.- The Congregation for Divine Worship, in a recent circular letter, announced that the placement of the sign of peace within Mass will not change, though it suggested several ways the rite could be performed with greater dignity.
“The Congregation for Divine Worship and the Discipline of the Sacraments … pronounced in favor of maintaining the 'rite' and 'sign' of peace in the place it has now in the Ordinary of the Mass,” Fr. Jose Maria Gil Tamayo, secretary general of the Spanish bishops' conference, related in a July 28 memo.
He noted that this was done out of consideration of the placement of the rite of peace as “a characteristic of the Roman rite,” and “not believing it to be suitable for the faithful to introduce structural changes in the Eucharistic Celebration, at this time.”
The sign of peace is made after the consecration and just prior to the reception of Communion; it had been suggested that it be moved so that it would precede the presentation of the gifts.
Fr. Gil's memo was sent to the Spanish bishops, and prefaced the Congregation for Divine Worship's circular letter, which was signed June 8 by Cardinal Antonio Canizares Llovera, its prefect, and its secretary, Archbishop Arthur Roche. The circular had been approved and confirmed the previous day by Pope Francis.
The letter made four concrete suggestions about how the dignity of the sign of peace could be maintained against abuses.
Fr. Gil explained that the circular letter is a fruit of the 2005 synod of bishops on the Eucharist, in which the possibility of moving the rite was discussed.
“During the Synod of Bishops there was discussion about the appropriateness of greater restraint in this gesture, which can be exaggerated and cause a certain distraction in the assembly just before the reception of Communion,” Benedict XVI wrote in his post-synodal apostolic exhortation 'Sacramentum caritatis'.
He added that “I have asked the competent curial offices to study the possibility of moving the sign of peace to another place, such as before the presentation of the gifts at the altar … taking into account ancient and venerable customs and the wishes expressed by the Synod Fathers.”
An inspiration for the suggested change was Christ's exhortation, at Mt. 5:23, that “if you remember that your brother has anything against you, leave your offering before the altar, and go be reconciled first.” It would also have brought the Roman rite into conformity, in that respect, with the Ambrosian rite, celebrated in Milan.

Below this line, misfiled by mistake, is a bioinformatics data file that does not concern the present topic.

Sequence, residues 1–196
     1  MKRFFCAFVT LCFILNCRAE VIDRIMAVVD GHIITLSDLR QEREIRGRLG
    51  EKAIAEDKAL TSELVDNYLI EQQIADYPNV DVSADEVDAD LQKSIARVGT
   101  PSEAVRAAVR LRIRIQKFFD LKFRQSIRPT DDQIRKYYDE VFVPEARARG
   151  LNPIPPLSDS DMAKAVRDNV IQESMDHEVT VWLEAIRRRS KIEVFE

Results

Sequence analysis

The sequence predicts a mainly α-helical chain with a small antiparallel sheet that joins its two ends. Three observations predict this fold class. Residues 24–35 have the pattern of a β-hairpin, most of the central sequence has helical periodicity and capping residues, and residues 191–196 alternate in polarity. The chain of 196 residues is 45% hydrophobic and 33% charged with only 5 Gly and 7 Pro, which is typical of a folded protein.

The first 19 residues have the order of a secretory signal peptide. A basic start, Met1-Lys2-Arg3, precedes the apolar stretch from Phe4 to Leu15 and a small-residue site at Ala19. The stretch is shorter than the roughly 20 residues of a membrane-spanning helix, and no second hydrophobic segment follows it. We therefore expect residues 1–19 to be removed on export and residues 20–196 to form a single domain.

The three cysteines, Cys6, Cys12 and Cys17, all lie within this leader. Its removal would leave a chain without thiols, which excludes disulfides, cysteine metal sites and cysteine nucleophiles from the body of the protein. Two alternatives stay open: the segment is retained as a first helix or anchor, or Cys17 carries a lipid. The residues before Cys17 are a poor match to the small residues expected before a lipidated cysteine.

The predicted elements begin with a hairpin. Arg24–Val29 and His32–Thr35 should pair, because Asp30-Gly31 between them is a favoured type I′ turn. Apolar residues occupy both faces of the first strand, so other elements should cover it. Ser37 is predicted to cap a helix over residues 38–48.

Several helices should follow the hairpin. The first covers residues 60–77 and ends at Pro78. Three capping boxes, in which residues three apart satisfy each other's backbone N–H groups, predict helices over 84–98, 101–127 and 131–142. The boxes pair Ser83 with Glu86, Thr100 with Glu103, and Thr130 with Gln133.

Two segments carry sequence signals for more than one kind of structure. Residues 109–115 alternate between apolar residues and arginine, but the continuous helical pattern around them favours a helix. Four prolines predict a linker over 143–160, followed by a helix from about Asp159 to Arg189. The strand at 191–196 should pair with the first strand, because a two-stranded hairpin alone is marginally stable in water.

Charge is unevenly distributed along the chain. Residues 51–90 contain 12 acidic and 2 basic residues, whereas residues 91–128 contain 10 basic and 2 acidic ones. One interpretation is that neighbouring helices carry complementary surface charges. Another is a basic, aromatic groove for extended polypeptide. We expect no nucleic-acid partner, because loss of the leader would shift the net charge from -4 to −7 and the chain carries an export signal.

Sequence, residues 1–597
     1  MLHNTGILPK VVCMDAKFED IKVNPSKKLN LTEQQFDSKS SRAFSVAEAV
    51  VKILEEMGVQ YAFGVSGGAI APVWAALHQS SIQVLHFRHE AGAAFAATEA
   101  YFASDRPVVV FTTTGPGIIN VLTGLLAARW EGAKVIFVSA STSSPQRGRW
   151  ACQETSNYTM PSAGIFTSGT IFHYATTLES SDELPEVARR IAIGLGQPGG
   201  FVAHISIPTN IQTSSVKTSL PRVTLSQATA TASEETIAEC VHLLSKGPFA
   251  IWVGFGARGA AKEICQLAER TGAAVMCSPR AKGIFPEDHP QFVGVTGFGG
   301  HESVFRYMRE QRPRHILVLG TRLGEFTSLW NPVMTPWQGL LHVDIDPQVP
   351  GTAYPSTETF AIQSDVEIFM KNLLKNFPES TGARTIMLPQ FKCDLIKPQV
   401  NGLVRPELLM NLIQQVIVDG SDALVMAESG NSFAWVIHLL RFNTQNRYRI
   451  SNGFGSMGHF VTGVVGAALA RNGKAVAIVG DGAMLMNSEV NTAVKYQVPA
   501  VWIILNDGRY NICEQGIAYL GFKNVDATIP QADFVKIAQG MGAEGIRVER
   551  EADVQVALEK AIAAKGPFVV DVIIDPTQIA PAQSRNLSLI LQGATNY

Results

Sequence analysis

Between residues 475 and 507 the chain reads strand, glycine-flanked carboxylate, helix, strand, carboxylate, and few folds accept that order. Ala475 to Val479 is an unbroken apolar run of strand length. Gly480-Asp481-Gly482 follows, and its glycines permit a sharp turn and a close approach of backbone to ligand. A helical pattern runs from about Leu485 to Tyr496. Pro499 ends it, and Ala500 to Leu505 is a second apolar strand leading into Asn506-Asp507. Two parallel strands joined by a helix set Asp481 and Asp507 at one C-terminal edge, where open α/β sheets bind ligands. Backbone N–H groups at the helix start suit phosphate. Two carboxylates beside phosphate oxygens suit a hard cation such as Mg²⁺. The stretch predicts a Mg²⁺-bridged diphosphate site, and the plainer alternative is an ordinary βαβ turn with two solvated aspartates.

The Neo-Catechumenal Way, a lay movement in the Church, has already displaced the sign of peace, in its celebration of the Roman rite, to before the presentation of the gifts.
The Vatican congregation's decision to maintain the placement of the sign of peace was the fruit of dialogue with the world's bishops, which began in 2008, and in consultation with both Benedict XVI and Pope Francis.
The Congregation for Divine Worship said it would “offer some practical measures to better express the meaning of the sign of peace and to moderate excesses, which create confusion in the liturgical assembly just prior to Communion.”
“If the faithful do not understand and do not show, in their ritual gestures, the true significance of the right of peace, they are weakened in the Christian concept of peace, and their fruitful participation in the Eucharist is negatively affected.”
On this basis, the congregation offered four suggestions which are to form the “nucleus” of catechesis on the sign of peace.
First, while confirming the importance of the rite, it emphasized that “it is completely legitimate to affirm that it is not necessary to invite 'mechanistically' to exchange (the sign of) peace.” The rite is optional, the congregation reminded, and there certainly are times and places where it is not fitting.
Its second recommendation was that as translations are made of the third typical edition of the Roman Missal, bishops' conference should consider “changing the way in which the exchange of peace is made.” It suggested in particular that “familiar and worldly gestures of greeting” should be substituted with “other, more appropriate gestures.”
The congregation for worship also noted that there are several abuses of the rite which are to be stopped: the introduction of a “song of peace,” which does not exist in the Roman rite; the faithful moving from their place to exchange the sign; the priest leaving the altar to exchange the sign with the faithful; and when, at occasions such as weddings or funerals, it becomes an occasion for congratulations or condolences.
The Congregation for Divine Worship's final exhortation was that episcopal conferences prepare liturgical catechesis on the significance of the rite of peace, and its correct observation.
“The intimate relation between 'lex orandi' and 'lex credendi' should obviously be extended to 'lex vivendi',” the congregation's letter concluded.
“That Catholics are today faced with the grave commitment to build a more just and peaceful world, implies a more profound understanding of the Christian meaning of peace and of its expression in liturgical celebration.”